If You Were 13, Would You Love Edward Cullen, Too?

Illustration for article titled If You Were 13, Would You Love Edward Cullen, Too?

Wherever the New Moon promotional blitz goes, Twilight-related analysis pieces are sure to follow. In today's Guardian, several experts explain Edward Cullen's appeal to teenage girls, noting that he represents the "predatory yet alluring boy." But is that really true?


Well, yes, on some levels. Edward Cullen is both predatory and alluring; much is made of his beauty and his uniqueness, and the risks of dating a vampire who has to fight his own urges carries a sense of danger and excitement that might appeal to some readers. He is your standard tortured bad boy with a (questionable) heart of gold and, well, skin that happens to sparkle in the sun.

I've often taken shots at Edward Cullen, as I find the character, and the relationship he shares with Bella Swan, to be quite creepy; Cullen, to me, reads as extremely controlling and stalker-esque, and I find it hard to believe in their romance when there appears to be so much fear and intimidation involved. However, I often wonder how I would have viewed this book when I was younger, say 13 or so, before I'd ever been in a relationship of my own. As much as I hate to admit it, I think I might have loved Edward Cullen, as well, just as I loved Billy Corgan or Trent Reznor, for being dark but pretty and for seeming slightly dangerous but like they understood what I was thinking as the rest of the world didn't.

For all of his creepiness, Edward Cullen is really just the latest scream-worthy dude that's driving the kids crazy. My mother flipped out over George Harrison, much to my grandparents' dismay. My older sister had a picture of INXS on the wall and kissed it whenever she could. My parents used to shake their heads as I smeared my eyes in black kohl and walked around moping to Siamese Dream. Every one has their unrequited teenage crush; it just seems like teenagers are all zeroing in on the same kid at the same time.

Edward Cullen may come in a different, darker package, but he still represents your typical teenage Tiger Beat dream boat: he wants only you, girl, he'll always be true, girl, he'll totally wait till you're married, girl, there's nobody else in the world for him, girl, he may be bad, but he'll be good to you, girl, etc. He's the guy you can dream about making out with, because you know you'll never make out with him. He represents the kind of love that never comes with rejection, because you know he's not real and you could never have him anyway. He's a safe means of falling in love for those who desperately want to know what it feels like.

The troublesome aspect of the Edward Cullen adoration, of course, is that girls will grow up believing that a boy who sneaks in to your room to watch you sleep is a real catch, as opposed to a total psychopath, and that the disturbing aspects of the Cullen/Swan relationship will stick with teenage girls as a marker of what "real love" is supposed to be. However, I think at times we don't give teenage girls enough credit for growing up and out of these phases; one hopes that if the world presents them with the right education regarding healthy relationships, they'll eventually see that Edward and Bella aren't exactly the ideal, and perhaps their teenage crushes will turn into adult eye rolls.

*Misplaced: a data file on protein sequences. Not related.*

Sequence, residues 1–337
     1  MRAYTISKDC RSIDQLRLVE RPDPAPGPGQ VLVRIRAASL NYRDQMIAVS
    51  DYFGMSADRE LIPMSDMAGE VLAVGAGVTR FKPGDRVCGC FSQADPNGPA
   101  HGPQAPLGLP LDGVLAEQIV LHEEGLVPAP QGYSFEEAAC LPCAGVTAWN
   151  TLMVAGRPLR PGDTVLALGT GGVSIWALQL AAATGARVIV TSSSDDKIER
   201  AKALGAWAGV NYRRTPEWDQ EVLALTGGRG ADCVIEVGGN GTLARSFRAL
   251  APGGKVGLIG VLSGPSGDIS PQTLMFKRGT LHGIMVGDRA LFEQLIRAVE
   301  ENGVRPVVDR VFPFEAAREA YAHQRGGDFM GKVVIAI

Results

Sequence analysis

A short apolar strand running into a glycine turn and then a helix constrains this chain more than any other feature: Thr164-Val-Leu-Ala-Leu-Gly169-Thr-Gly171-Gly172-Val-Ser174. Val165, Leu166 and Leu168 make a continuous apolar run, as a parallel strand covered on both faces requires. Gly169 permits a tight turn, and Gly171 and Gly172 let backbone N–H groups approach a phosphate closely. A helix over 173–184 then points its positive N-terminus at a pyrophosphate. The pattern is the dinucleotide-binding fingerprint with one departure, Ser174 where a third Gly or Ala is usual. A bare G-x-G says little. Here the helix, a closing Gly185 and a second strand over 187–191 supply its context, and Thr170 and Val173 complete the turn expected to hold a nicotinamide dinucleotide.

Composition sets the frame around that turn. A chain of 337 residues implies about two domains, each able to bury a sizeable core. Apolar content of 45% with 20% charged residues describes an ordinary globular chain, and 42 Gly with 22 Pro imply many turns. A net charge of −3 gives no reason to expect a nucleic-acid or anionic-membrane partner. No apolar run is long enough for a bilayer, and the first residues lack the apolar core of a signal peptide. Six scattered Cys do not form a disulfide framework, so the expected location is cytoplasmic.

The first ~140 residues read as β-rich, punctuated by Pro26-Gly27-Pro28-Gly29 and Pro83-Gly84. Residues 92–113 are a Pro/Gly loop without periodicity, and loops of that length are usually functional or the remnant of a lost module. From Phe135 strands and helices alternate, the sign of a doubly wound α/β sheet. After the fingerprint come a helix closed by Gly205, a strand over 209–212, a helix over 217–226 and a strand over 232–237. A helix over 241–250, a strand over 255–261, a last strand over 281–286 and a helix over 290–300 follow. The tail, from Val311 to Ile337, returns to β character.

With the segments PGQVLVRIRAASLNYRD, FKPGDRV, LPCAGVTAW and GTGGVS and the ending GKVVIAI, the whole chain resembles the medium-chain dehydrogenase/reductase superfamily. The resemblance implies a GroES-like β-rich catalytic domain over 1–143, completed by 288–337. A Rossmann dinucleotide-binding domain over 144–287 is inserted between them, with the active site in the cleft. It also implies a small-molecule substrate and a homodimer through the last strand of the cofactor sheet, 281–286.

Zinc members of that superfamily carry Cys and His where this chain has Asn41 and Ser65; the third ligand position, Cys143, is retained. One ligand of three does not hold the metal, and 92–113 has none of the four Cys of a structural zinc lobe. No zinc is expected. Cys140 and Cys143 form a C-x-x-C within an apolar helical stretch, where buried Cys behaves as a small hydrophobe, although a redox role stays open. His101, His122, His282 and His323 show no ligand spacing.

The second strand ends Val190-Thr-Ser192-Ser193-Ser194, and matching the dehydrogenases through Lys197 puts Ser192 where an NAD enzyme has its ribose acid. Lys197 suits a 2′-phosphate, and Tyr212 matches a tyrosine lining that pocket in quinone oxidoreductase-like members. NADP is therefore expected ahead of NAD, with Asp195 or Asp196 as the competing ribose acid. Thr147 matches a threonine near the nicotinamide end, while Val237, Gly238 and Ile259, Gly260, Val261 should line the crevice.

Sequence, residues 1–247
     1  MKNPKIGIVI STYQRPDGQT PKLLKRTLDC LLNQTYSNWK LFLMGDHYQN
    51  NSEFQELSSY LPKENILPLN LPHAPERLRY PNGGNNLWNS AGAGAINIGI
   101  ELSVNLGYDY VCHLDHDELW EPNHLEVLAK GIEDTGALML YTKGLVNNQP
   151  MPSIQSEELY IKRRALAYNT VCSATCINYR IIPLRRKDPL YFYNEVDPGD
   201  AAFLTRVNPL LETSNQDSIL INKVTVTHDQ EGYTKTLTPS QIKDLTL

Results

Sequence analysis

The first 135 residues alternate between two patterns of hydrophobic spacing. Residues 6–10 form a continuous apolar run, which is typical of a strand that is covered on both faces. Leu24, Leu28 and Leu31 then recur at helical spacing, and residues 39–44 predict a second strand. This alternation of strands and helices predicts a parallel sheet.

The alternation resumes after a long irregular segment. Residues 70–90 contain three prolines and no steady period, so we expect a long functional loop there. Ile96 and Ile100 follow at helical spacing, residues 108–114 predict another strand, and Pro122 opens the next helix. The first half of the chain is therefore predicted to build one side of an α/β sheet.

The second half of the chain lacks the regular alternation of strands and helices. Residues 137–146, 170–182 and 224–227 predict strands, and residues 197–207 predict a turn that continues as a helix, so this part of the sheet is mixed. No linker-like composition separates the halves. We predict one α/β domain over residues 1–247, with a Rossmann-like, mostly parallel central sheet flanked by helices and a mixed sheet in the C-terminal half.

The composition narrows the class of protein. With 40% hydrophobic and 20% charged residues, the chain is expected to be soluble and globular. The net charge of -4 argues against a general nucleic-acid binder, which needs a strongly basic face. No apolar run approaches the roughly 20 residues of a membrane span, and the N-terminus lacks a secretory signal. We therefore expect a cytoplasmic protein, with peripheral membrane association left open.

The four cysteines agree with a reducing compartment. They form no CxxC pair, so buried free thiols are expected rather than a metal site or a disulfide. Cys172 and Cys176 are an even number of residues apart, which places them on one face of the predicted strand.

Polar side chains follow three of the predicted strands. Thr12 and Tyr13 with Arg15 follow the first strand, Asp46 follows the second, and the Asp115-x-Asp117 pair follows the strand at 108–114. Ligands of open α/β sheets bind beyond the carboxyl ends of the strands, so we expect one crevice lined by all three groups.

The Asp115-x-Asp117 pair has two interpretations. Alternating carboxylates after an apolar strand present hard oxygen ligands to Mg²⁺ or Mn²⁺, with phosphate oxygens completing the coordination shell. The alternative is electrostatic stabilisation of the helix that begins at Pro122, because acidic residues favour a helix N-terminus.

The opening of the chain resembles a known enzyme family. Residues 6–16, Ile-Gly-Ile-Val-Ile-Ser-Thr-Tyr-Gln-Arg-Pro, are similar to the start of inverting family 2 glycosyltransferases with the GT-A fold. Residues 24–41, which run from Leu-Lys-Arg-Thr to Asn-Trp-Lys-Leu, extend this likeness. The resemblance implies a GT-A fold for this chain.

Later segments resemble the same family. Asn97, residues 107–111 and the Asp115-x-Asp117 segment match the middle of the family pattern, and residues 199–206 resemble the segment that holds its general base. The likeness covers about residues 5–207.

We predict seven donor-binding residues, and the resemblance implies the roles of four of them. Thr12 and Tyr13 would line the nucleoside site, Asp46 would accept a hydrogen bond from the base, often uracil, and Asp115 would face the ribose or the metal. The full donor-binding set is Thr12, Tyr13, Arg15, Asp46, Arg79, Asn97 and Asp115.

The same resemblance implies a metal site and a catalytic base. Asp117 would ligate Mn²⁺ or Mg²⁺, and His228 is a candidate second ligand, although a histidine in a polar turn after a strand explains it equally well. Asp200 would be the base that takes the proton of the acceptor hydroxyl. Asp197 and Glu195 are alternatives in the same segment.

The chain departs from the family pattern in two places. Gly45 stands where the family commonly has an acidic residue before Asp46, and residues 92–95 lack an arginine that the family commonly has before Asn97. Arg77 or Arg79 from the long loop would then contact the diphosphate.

Who you are and what you believe about love when you're 13 is rarely who you are and what you believe about love when you get older; there are difficult lessons to learn and crushes that will eventually fade away. If there's one answer to why teenage girls love Edward Cullen so much, I'd argue that it's because teenage girls love love so much, and all that comes with it, and Cullen just happens to be the hottest representative of romance in the 7th grade right now. He's an extremely flawed representative, there's no doubt about that, and I hope someone else comes along to knock him off soon, if only because I think teenage girls deserve a better imaginary boyfriend to share initial hearts with in their notebooks.


So what say you, commenters? Would you be into Edward Cullen if you were 13? And did you learn anything from your imaginary teenage crushes?

Why Have Teenage Girls Been Bitten By The Edward Cullen Bug To Devour The Twilight Novels [Guardian]



My first fictional crush was Aragorn, so I think I can safely say that I wouldn't have been into Edward Cullen. I probably would have read the books, like I read Piers Anthony back then, and found them just as unsatisfying and creepy, but wouldn't have been able to articulate exactly why until I was older.

I do think we underestimate teenagers. And I think part of the appeal of the Twilight relationship is more than just the "bad" boy who's really good thing. I think a huge part of the appeal is in the noticing of Bella, an otherwise unremarkable person. I think most girls, especially teenage ones, feel unremarkable and ignored and want someone, anyone, to notice them. To think they're special. To "rescue" them from feeling trapped in the cycle of teenage angst.

Adolescence is also when a lot of people first start having more existential, meaning of life and death, realizations/thoughts. If you experience a loss in adolescence you understand it in a way you really can't when you're younger. So stories that deal with the the "darker" side of life, in even a cursory way, like Twilight I think are more appealing. Vampires in just about any context appeal to that. Just like overwrought, creepy romance will.

I do think there's something disturbing about the stalking behaviors as proof of true love/passion, though. I'd like to think people grow out of it...but I'm not so sure. You see that trope in adult romance stories too.

I'm less disturbed by the content of Twilight than I am the way some folks think it's above critique. #love